Why should more and more young people join the tech industry? Your advice to the younger generation who is looking at making career choices right now?
Well, it pays very handsomely in addition to the options of working on various technologies. IT is something that is here to stay and grow.
My advice to the younger generation would be to understand what they are getting into, spend time to research the company, domain etc. and then make a very informed choice. They should use social media optimally to stay abreast of the latest .The world is one big platform and social media can help get you what you want.
Tech is typically a male dominated field. Do you see this trend continuing? Are more and more women today joining the tech industry?
Today more companies are aware that the lack of gender diversity is a serious problem and have become dedicated in efforts towards bridging the gap. Dell is the first in the IT industry to implement the Men Advocating Real Change (MARC) program. MARC is an initiative from Catalyst, a non-profit organization, designed to engage men in creating a more inclusive work environment. MARC helps us identify where unconscious bias exists and aims to promote a more collaborative and inclusive leadership style. MARC is a key component of Dell’s diversity and inclusion strategy.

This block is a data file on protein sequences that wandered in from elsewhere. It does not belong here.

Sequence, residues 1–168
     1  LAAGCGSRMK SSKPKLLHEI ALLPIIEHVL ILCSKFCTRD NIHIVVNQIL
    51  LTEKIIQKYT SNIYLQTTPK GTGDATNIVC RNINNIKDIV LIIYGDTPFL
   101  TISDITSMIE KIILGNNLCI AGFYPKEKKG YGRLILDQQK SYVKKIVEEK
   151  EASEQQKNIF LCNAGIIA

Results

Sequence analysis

Our Women in Search of Excellence (WISE) employee resource group has developed a program called ‘IT Is Not Just For Geeks’ to encourage more students, particularly girls, to enter tech careers. In this program we want to inspire school children to consider tech careers when they’re older.
Your advice to women currently working in the tech industry and also to the ones looking to join the industry.
Go after what you want. The industry has grown and diversified. The possibilities to play in a level playing field is very much real. Women leaders are heading major companies and therefore the benefits that companies offer are also in a league of their own, allowing women employees to balance family life with work.